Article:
Why do humans find such pleasure in torturing themselves? When
Over the past year or so, Atlantic City has gone from seedy to almost outright creepy. As you drift through the Trump Taj Mahal you’ll likely see ghosts sitting in the never-ending maze of slot machines atop 70s-style carpets. In Bally, the Old West theme may just present some real tumbleweeds flitting in front of the Jim Beam bar.
Back in the day, this section of the Jersey Shore served as a sanctuary to gambling enthusiasts from several surrounding states. People with money to lose (or money that they thought they could make grow exponentially) from the likes of New York, Pennsylvania, and Maryland all flocked to AC because that’s where one had to go in order to gamble.
However, in 2009, New Yorkers and Pennsylvania inhabitants got another, nearby option—the Sands Casino in Bethlehem, PA, right across the border from New Jersey. Parx Casino in Pennsylvania shortly followed (first just a racetrack, it got slots in 2009 and table games in 2010), after which Maryland got a 24-hour casino of its own. Maryland Live opened in July 2012 and started staying open all day, every day in December 2012.
Hence, Atlantic City’s current ghost town vibe, where all casinos house the tired and elderly, other than the single lively establishment remaining, the Borgata, where those of New York City’s poker playing set still go to make and lose some cash. As for the following, they now float among the city’s ghosts…
The giant, slanted building that looks like its name right next to the still extant Trump Taj Mahal is now completely vacant—which is really shocking when you imagine the hollow 60,000 square feet of former casino hulking above the boardwalk. Since it shut its doors in August 2014, the building’s been bought up by the Richard Stockton College of New Jersey to turn into an outpost away from their main campus.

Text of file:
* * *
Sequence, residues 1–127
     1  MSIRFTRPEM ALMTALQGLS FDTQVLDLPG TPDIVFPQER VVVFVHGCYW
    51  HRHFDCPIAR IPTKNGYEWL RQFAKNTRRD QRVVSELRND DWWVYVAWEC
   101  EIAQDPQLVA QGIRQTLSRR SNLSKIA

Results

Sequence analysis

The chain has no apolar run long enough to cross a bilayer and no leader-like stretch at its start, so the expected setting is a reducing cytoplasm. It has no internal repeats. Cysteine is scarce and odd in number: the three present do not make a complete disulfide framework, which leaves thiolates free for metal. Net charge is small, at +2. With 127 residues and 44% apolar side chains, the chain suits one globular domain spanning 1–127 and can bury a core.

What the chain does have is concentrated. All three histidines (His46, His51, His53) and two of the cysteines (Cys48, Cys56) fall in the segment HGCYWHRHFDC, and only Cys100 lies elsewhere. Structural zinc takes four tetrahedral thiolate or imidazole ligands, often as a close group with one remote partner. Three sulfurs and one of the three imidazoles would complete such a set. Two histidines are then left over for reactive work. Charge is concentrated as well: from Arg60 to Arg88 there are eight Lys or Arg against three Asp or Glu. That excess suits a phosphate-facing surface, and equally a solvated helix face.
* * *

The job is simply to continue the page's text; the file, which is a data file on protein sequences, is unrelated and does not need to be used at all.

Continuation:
The Trump name is all over Atlantic City, but the lights have gone dim in some of its lettering. The Trump Plaza closed quite recently, in September 2014, after 30 years operating as a casino and “luxury resort” on AC’s boardwalk. It housed the Rainforest Café and, like many AC establishments, a steakhouse. Talks of shutting down began in 2011, when Trump Entertainment Resorts made the decision to either sell or combine. No one ultimately wanted to combine…
The Revel got a lot of hype when it first opened up in April 2012. Dealers from the likes of the Borgata (the most visited, “high class” casino in Atlantic City) were considering moving over to work at Revel because it was going to be the next big thing. Just over two years later, it proved the buzz wrong, closing down in September 2014. It boasted one of the tallest buildings in the state of New Jersey and the likes of Rihanna and Beyonce performed in its entertainment venues.
Born the Atlantic City Hilton (or ACH) and renamed the Atlantic Club Casino Hotel, this casino bid gamblers adieu in January 2014, though the owner filed for bankruptcy in November of 2013. Part of the aforementioned name change took place to attract lower-level gamblers, and penny slots throughout the casino allowed the lowest of rollers to stare at the glittering machines for hours on end.
Still operating as a landmark of a hotel (that to this day garners horrible reviews online), Claridge was initially known as Del Webb’s Claridge Hotel and Casino. It opened in 1930 (during the Great Depression), but gained a new casino in 1981 that spanned a few levels of the building, but never quite measured up to its vast gambling counterparts. Thus, the casino aspect ended a few years back, but now the hotel’s of thinking expanding in a way that won’t rely on the ever-dwindling supply of gamblers in town—by becoming a more stacked hotel (as in, maybe it will go for a really high-class spa, pool, fitness center combo–or an indoor theme park?).